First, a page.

Here's what to do:

  • Organize a volunteer group.
  • Choose a state road (one in your neighborhood, on your commute, etc.)

Getting on the food-tax bandwagon

If you're one of 120,000 registered voters in Durham, a new mailer will soon be hitting your mailbox boasting a pro-foods tax slogan: "A Taste for Durham's Future."

Nearly 40 Durham cheerleaders, movers and shakers have come together and formed a non-profit to promote a 1-percent prepared foods tax. The tax could be implemented if voters approve in Nov. 4 referendum.

If implemented, the tax is expected to generate as much as $5 million a year to pay for new and improved cultural attractions, including the Hayti Heritage Center, a Minor League Baseball museum and the American Tobacco Trail.

Tonight: input on new justice center

The county will hold a public meeting tonight for citizens to comment on the new justice center.

The meeting will be held from 5:30 p.m. to 6:30 p.m. at the Durham County Library Main Branch at 300 N. Roxboro St.

The new justice center, which will cost about $100 million and open in 2012, will house the superior and district courts, offices of the clerks of court, the Durham County Sheriff's Office and other offices.

Attendees at the meeting will be able to ask architects and county staff questions, and review design development and preliminary plans.

Durham library, transit want input

A couple of city and county departments are seeking public input on improvements.

First, the Durham County Library will host a public meeting from 5:30 p.m. to 7 p.m. July 29 to get opinions on renovations of the Main Library. The meeting will be held in the auditorium with project architects and designers.

The library has commissioned a study on the building, square footage, equipment needs and costs and what the community wants to see in a library. The results of the report will be released in October, according to a news release.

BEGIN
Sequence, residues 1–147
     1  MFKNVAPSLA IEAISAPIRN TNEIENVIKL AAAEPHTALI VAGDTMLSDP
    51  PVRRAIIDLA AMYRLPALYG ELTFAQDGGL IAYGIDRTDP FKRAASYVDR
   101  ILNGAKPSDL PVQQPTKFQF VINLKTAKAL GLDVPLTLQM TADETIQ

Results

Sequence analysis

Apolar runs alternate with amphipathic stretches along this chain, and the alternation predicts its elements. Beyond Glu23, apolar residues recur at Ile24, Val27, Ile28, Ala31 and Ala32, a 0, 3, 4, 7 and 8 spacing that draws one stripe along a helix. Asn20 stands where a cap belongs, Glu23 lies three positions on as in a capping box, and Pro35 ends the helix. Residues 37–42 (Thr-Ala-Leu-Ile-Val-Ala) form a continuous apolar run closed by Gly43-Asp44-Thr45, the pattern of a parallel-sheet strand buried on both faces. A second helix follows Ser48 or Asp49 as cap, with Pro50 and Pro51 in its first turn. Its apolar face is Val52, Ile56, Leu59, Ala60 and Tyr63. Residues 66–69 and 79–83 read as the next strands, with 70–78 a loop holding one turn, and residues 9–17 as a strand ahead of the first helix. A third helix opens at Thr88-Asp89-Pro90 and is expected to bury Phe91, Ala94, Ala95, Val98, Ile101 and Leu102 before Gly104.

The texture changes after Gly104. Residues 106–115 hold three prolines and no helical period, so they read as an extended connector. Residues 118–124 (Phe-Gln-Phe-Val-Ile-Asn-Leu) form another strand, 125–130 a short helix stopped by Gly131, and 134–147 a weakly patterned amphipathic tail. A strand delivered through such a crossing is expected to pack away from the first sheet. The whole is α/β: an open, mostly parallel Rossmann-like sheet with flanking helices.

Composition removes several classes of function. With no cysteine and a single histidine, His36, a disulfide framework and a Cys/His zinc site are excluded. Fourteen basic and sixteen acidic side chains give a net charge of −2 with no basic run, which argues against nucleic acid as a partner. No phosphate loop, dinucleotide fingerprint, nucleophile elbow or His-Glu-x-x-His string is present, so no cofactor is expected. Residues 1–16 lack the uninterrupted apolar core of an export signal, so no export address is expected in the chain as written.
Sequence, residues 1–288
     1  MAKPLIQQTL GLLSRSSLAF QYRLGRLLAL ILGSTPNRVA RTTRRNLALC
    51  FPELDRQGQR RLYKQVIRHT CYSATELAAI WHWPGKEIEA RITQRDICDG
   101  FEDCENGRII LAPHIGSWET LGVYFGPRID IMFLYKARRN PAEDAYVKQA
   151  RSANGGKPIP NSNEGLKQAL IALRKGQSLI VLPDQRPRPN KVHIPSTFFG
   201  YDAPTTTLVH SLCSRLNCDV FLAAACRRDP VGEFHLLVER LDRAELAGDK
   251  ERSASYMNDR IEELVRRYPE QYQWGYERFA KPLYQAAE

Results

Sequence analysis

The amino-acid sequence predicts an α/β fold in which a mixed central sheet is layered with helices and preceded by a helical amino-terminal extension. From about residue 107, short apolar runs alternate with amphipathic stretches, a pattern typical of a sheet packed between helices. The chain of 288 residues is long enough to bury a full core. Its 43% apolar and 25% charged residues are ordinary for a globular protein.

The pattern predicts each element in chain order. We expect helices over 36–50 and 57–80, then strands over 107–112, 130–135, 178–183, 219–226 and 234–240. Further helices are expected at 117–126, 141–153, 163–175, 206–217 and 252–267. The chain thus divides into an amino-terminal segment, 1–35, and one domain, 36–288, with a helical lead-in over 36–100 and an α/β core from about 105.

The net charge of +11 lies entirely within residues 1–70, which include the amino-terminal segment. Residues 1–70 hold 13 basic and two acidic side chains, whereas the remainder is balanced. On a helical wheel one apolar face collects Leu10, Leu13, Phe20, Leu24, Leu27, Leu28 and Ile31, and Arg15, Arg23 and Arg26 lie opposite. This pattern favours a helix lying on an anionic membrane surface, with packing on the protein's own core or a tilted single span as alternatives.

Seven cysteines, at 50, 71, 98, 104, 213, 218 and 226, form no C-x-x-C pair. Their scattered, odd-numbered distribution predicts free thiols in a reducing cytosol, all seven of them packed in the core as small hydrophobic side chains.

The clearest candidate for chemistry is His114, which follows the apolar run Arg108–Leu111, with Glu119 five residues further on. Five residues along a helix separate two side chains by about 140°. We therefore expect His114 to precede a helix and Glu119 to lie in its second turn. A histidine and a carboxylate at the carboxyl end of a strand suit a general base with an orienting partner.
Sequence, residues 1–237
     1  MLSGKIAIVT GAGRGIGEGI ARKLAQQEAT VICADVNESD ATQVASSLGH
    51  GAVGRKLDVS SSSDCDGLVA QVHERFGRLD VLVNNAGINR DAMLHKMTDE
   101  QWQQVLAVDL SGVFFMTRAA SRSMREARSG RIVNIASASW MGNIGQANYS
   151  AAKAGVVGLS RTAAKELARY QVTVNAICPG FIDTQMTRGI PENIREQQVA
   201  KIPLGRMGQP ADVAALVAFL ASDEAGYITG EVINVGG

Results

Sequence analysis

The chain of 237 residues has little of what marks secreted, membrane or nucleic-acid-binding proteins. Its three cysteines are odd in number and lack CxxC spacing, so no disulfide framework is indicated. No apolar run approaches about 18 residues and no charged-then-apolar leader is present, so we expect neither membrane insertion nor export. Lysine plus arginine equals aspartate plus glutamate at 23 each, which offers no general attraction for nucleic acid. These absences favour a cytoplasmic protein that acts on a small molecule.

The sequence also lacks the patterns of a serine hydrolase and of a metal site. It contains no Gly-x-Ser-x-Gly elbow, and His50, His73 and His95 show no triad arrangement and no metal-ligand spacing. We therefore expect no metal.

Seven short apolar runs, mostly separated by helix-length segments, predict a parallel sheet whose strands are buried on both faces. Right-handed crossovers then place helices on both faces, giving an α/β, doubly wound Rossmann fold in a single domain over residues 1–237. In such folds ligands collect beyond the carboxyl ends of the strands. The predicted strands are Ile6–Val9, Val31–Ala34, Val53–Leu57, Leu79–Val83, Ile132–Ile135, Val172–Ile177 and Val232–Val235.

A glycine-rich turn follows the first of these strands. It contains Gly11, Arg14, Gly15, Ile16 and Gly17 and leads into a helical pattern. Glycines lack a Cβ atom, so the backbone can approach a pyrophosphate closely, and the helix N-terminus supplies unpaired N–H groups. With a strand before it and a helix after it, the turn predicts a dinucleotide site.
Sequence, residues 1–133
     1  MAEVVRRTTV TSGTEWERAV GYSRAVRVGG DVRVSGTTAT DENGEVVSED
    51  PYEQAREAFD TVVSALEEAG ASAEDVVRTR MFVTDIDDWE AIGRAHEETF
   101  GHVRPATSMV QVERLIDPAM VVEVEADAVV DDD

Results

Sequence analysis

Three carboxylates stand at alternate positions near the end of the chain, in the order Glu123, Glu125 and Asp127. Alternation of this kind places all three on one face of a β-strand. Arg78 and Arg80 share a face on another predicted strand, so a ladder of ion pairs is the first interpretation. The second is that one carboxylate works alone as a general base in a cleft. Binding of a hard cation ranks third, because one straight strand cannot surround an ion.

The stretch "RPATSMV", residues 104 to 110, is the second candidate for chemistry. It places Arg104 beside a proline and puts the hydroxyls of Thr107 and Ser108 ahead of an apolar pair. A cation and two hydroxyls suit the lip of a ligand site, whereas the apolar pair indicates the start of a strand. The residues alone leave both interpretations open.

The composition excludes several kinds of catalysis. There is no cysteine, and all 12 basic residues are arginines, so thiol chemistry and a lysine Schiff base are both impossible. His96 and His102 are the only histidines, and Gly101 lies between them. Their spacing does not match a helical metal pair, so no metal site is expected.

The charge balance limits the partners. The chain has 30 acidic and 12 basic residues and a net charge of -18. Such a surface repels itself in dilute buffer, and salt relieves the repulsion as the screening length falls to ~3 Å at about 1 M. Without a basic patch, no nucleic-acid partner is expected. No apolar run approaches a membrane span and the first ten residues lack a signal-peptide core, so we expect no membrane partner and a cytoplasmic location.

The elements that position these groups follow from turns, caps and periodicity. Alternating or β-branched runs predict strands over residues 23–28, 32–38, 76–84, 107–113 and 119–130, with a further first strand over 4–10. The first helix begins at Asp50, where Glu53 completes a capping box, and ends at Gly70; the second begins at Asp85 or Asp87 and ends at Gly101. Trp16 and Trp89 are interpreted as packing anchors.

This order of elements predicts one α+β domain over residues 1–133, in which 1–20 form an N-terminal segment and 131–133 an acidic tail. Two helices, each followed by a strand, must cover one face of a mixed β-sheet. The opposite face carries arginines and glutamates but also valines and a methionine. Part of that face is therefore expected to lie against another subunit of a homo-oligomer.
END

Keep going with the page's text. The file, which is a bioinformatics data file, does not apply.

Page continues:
Meanwhile, the Durham Area Transit Authority (DATA) is seeking public input on its short-range transit plan. The plan, which will be presented to the DATA Board of Trustees and city council in January, will guide DATA improvements over the next five years.

DATA hopes to gather feedback through this online form until Aug. 1, and then a draft short-term plan will be completed by a task force by the end of August, according to a news release.

Friday downtown: live music, clothing swap

The Scrap Exchange is hosting a giant clothing swap from 6 p.m. to 9 p.m. Friday on the CCB Plaza.

The event will feature free activities and live music. The Scrap Exchange, Durham's creative re-use center, will set up stations for altering clothes and they'll also provide materials for participants to make and take home birthday hats.

To participate, bring your unwanted clothes and swap with others to find or create something new.

The Scene of the Crime Rovers, the official Scrap Exchange marching band, will start to play at 7 p.m.

At dusk, there will be live music and a mixed-media audio/visual collaboration by the Triangle Sound Painting Orchestra and Jim Kellough. This performance will begin as the sun starts to set and will continue until around 9:30.

Call the the Scrap Exchange with questions at 688-6960. The event is sponsored by Durham Parks and Recreation.